LIFE ON THE HILL

LIFE ON THE HILL

BARRY CAME December 4 1995
LIFE ON THE HILL

LIFE ON THE HILL

BARRY CAME December 4 1995

LIFE ON THE HILL

COVER

On many an evening, Brian Mulroney can be glimpsed in the park that everyone in Westmount but the city’s officials calls Murray Hill. It is a broad expanse of old trees and gravelled pathways, right around the corner from the former prime minister’s handsome stone house on Forden Crescent. For dog lovers in Montreal’s moneyed enclave, the park’s main attraction is a fenced run, where canines of all shapes,

sizes and colors romp freely. And Mulroney has become a familiar figure at the dog run, casting a watchful eye over a large black poodle called Clover and— only if it is dark—a small white poodle with a bright ribbon in place of a collar. “He won’t walk the little one in the daylight,” confides a Murray Hill acquaintance, “largely because Mila insists on tying that damn ribbon around the poor creature’s neck.”

In some ways, life has become a lot simpler for Mulroney since he stepped down as prime minister two years ago. Or at least it was until the rumor of scandal shifted him back into the spotlight. When his punishing travel schedule permitted, he could be seen on occasion at all of the usual haunts frequented by his Westmount neighbors: breakfasting at Nick’s on Greene Avenue, catching a quick lunch in the wood-panelled rooms at the University Club downtown, or dining nearby at the chic Ritz-Carlton Hotel. He has even rediscovered the pleasure of playing hockey with his three sons. “I real-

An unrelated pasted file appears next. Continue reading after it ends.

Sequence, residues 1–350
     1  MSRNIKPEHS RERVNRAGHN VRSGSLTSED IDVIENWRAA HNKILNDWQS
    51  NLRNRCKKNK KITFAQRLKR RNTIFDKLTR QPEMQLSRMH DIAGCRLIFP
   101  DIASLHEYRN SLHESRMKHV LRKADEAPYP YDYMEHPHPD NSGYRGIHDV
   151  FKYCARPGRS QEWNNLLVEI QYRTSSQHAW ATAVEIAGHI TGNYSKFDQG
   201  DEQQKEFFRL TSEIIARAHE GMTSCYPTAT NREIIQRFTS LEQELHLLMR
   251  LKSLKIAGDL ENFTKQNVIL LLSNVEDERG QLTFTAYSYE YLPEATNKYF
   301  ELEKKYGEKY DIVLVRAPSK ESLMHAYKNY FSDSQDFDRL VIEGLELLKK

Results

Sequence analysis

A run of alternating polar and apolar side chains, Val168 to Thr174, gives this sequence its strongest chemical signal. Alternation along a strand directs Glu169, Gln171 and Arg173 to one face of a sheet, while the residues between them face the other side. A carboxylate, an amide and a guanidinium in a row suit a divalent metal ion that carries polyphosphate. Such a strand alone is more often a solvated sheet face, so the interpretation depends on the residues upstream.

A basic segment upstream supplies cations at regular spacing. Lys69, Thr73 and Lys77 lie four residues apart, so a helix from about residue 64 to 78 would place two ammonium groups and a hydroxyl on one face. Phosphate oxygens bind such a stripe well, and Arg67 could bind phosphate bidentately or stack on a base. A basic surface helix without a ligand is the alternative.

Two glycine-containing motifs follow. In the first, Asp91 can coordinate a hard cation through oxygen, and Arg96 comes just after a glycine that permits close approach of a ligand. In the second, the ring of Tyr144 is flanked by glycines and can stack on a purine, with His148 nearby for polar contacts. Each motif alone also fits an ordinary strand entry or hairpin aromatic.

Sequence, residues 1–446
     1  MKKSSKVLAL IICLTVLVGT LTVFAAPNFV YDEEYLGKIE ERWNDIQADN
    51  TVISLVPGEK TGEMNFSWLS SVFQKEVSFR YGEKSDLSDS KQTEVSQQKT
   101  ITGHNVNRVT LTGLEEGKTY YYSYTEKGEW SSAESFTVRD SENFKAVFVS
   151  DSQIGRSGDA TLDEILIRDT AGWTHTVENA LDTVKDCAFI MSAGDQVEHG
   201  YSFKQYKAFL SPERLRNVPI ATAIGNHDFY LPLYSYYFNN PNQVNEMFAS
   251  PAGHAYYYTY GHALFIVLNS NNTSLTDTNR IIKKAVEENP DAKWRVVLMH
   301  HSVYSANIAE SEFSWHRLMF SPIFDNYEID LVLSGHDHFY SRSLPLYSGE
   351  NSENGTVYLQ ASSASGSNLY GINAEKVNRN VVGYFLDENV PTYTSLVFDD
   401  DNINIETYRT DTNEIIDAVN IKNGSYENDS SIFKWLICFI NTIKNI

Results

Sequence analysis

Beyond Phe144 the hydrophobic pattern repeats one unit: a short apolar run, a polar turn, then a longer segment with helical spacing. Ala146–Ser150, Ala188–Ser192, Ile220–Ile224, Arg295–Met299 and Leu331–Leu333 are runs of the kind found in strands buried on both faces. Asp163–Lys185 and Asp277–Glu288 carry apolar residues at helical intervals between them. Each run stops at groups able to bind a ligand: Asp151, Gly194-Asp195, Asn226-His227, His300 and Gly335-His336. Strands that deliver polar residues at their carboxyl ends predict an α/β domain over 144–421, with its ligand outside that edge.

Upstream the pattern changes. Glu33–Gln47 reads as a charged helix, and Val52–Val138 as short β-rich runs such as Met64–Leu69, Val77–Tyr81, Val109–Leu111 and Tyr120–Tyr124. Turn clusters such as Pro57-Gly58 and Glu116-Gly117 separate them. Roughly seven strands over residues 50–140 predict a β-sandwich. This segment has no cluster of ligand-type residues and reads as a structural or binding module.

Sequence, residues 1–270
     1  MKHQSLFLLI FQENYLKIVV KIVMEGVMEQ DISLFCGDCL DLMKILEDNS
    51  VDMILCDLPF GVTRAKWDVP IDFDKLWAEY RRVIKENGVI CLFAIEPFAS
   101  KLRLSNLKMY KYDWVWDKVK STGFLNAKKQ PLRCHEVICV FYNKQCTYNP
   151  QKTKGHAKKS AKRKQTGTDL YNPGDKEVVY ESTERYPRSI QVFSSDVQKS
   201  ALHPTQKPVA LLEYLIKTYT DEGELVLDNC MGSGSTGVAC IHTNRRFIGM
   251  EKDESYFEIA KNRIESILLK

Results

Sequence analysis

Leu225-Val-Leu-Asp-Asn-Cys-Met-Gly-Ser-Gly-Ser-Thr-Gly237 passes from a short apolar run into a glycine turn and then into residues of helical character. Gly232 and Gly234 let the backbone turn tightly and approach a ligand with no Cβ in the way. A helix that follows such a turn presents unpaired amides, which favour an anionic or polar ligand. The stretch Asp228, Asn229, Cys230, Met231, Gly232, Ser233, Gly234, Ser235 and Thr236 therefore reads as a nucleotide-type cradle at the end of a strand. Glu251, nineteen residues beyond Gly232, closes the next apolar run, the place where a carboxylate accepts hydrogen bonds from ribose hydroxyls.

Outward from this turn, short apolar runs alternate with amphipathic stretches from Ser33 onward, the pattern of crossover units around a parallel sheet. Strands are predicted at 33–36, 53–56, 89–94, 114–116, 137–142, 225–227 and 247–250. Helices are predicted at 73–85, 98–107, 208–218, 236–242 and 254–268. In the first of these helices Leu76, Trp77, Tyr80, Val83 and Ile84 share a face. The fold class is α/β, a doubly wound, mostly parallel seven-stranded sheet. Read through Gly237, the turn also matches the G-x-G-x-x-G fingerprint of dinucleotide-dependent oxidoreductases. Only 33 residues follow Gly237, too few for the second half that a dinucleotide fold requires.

ly thought I would miss it all when I retired from politics,” he told La Presse last year. “But it hasn’t turned out that way at all.” Affluence has certainly eased the transition. Soon after his resignation, Mulroney accepted an appointment as senior partner with his old Montrealbased law firm, Ogilvy Renault. He purchased a $1.6-million home in the heart of Westmount. Multibillionaire Charles Bronfman is a neighbor and, by most

accounts, a friend. But it was his relationship with Peter Munk, chairman and chief executive officer of Horsham Corp., that allowed him to flourish. Horsham is an investment house that controls the giant mining concern, Barrick Gold Corp. as well as Trizec Corp., the Canadian-based real estate firm. Mulroney sits on the board of directors of both Horsham and Barrick, as well as serving as chairman of Barrick’s international advisory board. Munk has credited Mulroney for personally engineering a recent deal between Barrick and Montreal-based Power Corp. to develop gold mines in China. “He was the

key, not a key,” said Munk.

“He opened the door. He, in person, took our proposals to the right people.”

Other lucrative director-

ships soon followed, including seats on the boards of

Petrofina SA, the Gannett

Foundation’s Freedom Forum and Archer-Daniels-Midland Co., the U.S. food-processing conglomerate now under criminal investigation by the U.S. government for price-fixing. Mulroney heads a blue-ribbon panel of executives hired by Archer-Daniels to deal with Washington over the investigation. He also sits on international advisory boards for Power Corp., the Chemical Bank of New York City, Bombardier, the International Herald Tribune and the China International Trust and Investment Corp.

Despite his widespread business connections, some people speculate that the Mulroneys are not particularly happy in Montreal, largely because they have not been welcomed there socially. There have even been reports, vigorously denied by Mulroney’s office, that he has been considering a move to New York. If that is true, then the folks who gather nightly at the dog run on Murray Hill may soon be missing a regular.

BARRY CAME